5. Why you believe RUFF AND REDDY will never be issued on DVD must have to do with the Capitol Library thing, something which hasn't prevented Warner Home Video from releasing ADVENTURES OF SUPERMAN (which uses many cues heard in H-B cartoons). Since USA aired most of the series in the '90s when they had the rights (I have most of it on tape), we know the cartoons themselves are still around. Even if there's no hue and cry for it, I still can't believe that Warner wouldn't love to release something they could brand "the very first Hanna-Barbera TV series." And as I've said before, I love the series and find Shows' writing (if, indeed, he wrote them all) to be every bit as witty and entertaining as the Maltese and Foster (et al.) cartoons from later H-B series. So count me in as a potential customer, not only because of its historical importance but because I'd actually love to watch it again.

    1. As Earl Kress told me years ago, sales on the Huck DVD were way below expectations. If Warners can't sell the old Huck shows, they're not going to pump money into Ruff and Reddy. They'll put out Foofur or other 80s stuff that requires virtually no outlay.
      Whether "many" cues were used on Superman or anything else isn't the issue. It's specific cues that are, none of which I've heard on Superman (certainly not before 1956 as Hi-Q didn't exist then). Some rights holders saw huge $$$$ because a big corporation was involved and wanted more money than Warners was willing to pay.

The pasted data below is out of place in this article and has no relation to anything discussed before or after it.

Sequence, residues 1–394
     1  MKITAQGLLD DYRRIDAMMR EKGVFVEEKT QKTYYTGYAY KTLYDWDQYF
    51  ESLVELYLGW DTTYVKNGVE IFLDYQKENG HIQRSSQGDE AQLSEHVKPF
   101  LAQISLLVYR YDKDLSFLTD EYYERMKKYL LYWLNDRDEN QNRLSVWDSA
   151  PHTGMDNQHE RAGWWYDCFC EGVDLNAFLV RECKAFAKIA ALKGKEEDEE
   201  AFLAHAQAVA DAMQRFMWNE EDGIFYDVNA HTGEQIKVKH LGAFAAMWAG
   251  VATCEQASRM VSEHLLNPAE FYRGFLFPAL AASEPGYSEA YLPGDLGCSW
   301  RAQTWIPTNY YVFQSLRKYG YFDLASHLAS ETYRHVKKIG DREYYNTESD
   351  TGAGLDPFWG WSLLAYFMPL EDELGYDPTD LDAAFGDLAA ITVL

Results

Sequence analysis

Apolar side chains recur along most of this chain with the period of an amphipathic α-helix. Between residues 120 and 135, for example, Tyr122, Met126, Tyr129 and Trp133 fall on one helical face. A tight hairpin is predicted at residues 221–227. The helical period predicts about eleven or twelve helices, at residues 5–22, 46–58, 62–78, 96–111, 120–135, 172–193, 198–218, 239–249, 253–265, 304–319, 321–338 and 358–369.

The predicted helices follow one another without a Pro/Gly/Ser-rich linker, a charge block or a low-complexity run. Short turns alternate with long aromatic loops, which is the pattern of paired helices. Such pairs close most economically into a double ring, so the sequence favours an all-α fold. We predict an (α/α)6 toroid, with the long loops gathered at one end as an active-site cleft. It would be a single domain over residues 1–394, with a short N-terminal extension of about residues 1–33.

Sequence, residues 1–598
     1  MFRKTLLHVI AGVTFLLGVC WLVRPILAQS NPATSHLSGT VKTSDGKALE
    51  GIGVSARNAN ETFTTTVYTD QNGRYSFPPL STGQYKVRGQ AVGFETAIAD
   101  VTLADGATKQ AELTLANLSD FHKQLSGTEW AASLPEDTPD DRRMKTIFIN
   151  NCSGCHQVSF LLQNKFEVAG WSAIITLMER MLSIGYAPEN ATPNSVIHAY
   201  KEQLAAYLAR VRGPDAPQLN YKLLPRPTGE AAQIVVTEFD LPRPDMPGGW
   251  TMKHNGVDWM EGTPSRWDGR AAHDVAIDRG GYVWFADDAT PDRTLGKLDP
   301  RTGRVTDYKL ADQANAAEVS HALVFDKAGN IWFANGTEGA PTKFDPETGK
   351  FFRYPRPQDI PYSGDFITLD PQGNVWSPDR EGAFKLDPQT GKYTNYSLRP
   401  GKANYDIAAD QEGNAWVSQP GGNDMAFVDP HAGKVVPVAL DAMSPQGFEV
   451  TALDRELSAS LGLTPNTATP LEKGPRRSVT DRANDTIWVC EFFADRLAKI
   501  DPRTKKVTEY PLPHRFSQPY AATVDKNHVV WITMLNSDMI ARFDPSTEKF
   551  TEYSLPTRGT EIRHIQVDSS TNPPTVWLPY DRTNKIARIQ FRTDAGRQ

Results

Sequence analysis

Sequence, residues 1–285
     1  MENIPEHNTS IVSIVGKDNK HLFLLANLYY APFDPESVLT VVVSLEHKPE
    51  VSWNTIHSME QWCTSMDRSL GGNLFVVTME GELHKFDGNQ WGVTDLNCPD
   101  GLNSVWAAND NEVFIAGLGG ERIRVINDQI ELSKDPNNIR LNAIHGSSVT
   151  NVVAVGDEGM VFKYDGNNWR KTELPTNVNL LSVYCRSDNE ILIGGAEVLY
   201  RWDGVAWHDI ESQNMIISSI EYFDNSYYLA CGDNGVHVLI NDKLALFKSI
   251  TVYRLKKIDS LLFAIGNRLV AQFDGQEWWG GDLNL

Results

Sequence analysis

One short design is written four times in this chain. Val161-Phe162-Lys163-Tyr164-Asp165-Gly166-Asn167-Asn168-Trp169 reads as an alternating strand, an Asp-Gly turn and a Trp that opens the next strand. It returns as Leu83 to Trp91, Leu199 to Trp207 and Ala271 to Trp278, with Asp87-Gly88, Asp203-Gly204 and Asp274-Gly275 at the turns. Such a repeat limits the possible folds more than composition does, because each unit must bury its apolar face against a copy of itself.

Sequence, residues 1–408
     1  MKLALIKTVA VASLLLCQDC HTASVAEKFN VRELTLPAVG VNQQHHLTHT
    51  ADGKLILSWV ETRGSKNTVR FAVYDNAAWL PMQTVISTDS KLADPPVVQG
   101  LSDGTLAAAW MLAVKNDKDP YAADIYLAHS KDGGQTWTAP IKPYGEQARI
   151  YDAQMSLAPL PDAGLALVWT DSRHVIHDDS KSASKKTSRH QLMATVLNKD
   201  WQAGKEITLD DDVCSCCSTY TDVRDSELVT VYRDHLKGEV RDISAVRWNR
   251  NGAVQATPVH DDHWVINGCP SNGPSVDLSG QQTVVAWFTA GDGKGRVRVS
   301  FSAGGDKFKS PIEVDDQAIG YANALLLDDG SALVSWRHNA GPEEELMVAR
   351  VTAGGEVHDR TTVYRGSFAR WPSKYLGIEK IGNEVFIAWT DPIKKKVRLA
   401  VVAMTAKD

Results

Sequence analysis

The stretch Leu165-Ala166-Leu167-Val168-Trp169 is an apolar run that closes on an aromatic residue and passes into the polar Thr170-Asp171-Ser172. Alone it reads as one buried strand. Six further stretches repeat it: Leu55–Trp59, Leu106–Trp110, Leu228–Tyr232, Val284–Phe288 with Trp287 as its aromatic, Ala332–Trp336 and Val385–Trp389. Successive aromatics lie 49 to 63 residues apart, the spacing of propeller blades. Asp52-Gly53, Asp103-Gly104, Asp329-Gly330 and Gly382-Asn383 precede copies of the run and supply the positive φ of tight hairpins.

2. "As Earl Kress told me years ago, sales on the Huck DVD were way below expectations. If Warners can't sell the old Huck shows, they're not going to pump money into Ruff and Reddy."

      Well, that's a shame. I wonder if the poor sales of the Huck DVD have to do with a lack of advertising. Now, I don't know this for a fact. I wasn't on the classic cartoon blogosphere back in the early 2000s when the Huck DVD was released, and, as I said here years ago (when I was commenting under my real name, Sergio Goncalves), I didn't grow up on practically any H-B cartoons (I'm currently 26 years old), but discovered them later in life and have become a big fan. I say this to explain that when the Huck DVD was released I had absolutely no knowledge of its existence. But I already was a huge Looney Tunes fan back then. My parents bought me some of the Looney Tunes DVDs that were released in 2003. My point is that on those DVDs I don't recall seeing any advertising for the Huck DVD or any H-B DVD (except for an ad for some